# Calculate the EMF of the cell

#### moenste

1. Homework Statement
Explain why the PD between the terminals of a cell is not always the same as its EMF.

A cell, a resistor and an ammeter of negligible resistance are connected in series and a current of 0.80 A is observed to flow when the resistor has a value of 2.00 Ω. When a resistor of 5.00 Ω is connected in parallel with the 2.00 Ω resistor, the ammeter reading is 1.00 A. Calculate the EMF of the cell.

2. The attempt at a solution
I did a quick illustration of the problem, as I see it:

So, on the first (I) graph we have V = I R = 0.8 * 2 = 1.6 V. Second (II): we find the resistance 1 / R = 1 / 2 + 1 / 5 → R = 1.43 Ω. So V = I R = 1 * 1.43 = 1.43 V.

I guess it has something to do with the cell and EMF differences. As far as I know, their difference is in the fact that PD is work done to move a charge between two points in a circuit and EMF is the total work done to move charge throught a complete circuit. And the formula is also different: V = I R, (R = total resistance), E = I (R + r), (R + r) = total external and internal resistance.

What am I missing?

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#### gneill

Mentor
Remember another thread when you were looking into the behavior of a "real" diode that wasn't an ideal diode? What distinguished that "real" diode from an ideal one?

#### moenste

Remember another thread when you were looking into the behavior of a "real" diode that wasn't an ideal diode? What distinguished that "real" diode from an ideal one?
An "ideal" diode has a resistor, right?

#### gneill

Mentor
An "ideal" diode has a resistor, right?
No, the opposite. An ideal diode has no resistance at all when it is conducting; That's what makes it ideal: It's a perfect "one-way-valve" for current. A real diode exhibits resistance because it's comprised of real-world, imperfect materials.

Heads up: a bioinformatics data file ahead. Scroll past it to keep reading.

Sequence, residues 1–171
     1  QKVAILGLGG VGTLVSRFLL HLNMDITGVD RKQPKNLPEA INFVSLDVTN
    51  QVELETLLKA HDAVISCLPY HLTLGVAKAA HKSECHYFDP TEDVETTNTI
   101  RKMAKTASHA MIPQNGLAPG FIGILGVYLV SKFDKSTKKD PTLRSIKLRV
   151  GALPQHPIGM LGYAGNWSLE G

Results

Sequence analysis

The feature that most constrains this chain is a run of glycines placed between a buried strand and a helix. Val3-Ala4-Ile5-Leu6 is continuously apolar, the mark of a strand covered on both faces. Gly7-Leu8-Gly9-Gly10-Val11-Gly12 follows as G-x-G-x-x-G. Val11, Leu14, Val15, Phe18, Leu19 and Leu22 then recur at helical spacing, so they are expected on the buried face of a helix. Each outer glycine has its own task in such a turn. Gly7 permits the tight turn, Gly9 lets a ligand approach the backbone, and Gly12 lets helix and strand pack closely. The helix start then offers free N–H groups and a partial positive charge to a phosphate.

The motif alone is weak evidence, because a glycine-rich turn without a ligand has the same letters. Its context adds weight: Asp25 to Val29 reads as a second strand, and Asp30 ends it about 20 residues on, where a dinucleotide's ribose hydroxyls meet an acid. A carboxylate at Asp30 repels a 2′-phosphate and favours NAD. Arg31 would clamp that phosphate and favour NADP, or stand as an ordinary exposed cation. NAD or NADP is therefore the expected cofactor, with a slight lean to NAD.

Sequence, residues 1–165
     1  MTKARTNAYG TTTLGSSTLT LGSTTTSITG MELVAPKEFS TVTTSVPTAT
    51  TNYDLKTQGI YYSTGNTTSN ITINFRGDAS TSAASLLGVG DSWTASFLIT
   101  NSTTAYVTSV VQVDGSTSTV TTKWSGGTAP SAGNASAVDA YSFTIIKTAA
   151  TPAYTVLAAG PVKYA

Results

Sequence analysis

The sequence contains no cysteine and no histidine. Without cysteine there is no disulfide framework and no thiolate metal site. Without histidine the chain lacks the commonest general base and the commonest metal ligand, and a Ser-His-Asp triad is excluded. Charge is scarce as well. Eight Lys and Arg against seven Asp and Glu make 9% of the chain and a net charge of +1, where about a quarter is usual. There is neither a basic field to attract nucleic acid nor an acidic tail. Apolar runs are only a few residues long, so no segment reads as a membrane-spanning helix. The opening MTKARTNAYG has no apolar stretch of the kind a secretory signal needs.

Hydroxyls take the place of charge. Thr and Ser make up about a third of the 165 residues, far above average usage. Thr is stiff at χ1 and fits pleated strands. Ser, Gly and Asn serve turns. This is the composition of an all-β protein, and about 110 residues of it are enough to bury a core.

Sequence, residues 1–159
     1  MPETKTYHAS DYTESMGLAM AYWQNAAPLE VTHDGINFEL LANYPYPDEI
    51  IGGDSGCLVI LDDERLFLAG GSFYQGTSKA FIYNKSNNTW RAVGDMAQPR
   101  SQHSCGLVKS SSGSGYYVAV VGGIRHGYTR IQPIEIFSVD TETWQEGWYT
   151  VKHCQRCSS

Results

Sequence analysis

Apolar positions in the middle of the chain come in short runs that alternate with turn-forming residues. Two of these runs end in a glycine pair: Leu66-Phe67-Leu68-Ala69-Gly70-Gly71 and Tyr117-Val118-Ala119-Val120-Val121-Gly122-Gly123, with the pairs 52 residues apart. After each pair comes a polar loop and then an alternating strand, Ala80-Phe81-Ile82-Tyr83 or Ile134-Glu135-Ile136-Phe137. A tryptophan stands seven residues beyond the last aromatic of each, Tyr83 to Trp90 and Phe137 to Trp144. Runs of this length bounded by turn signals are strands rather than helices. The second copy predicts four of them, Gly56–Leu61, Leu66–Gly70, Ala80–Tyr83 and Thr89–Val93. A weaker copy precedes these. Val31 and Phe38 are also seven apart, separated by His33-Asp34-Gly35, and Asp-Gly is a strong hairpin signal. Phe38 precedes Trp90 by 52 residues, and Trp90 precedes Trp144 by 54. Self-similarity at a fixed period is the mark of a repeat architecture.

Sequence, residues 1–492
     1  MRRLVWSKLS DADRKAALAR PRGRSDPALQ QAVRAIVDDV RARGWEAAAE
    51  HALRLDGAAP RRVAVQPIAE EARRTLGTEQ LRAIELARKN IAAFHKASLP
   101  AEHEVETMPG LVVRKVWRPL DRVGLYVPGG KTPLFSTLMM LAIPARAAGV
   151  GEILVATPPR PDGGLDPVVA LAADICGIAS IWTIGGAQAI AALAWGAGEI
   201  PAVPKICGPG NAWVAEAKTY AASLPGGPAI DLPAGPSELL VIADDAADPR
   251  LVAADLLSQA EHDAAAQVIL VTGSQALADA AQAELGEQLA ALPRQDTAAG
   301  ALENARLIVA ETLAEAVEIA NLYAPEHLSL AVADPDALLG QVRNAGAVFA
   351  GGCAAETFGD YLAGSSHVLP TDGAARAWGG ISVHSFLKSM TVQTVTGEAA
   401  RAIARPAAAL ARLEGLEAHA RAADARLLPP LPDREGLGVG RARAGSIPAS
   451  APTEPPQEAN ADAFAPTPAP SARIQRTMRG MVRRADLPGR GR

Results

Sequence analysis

But you're on the right track now.

#### moenste

No, the opposite. An ideal diode has no resistance at all when it is conducting; That's what makes it ideal: It's a perfect "one-way-valve" for current. A real diode exhibits resistance because it's comprised of real-world, imperfect materials.

But you're on the right track now.
Hm, but we don't have a diode here, do we? A cell is a basic battery and we have a resistor with an ammeter. Is my quick graph incorrect?

#### gneill

Mentor
Hm, but we don't have a diode here, do we? A cell is a basic battery and we have a resistor with an ammeter. Is my quick graph incorrect?
I'm trying to point out that real world components (all of them) have flaws that when examined closely make them non-ideal. Even batteries. Your diagrams are fine.

What you need to do is account for the possibility that the battery is not an ideal component.

#### moenste

I'm trying to point out that real world components (all of them) have flaws that when examined closely make them non-ideal. Even batteries. Your diagrams are fine.

What you need to do is account for the possibility that the battery is not an ideal component.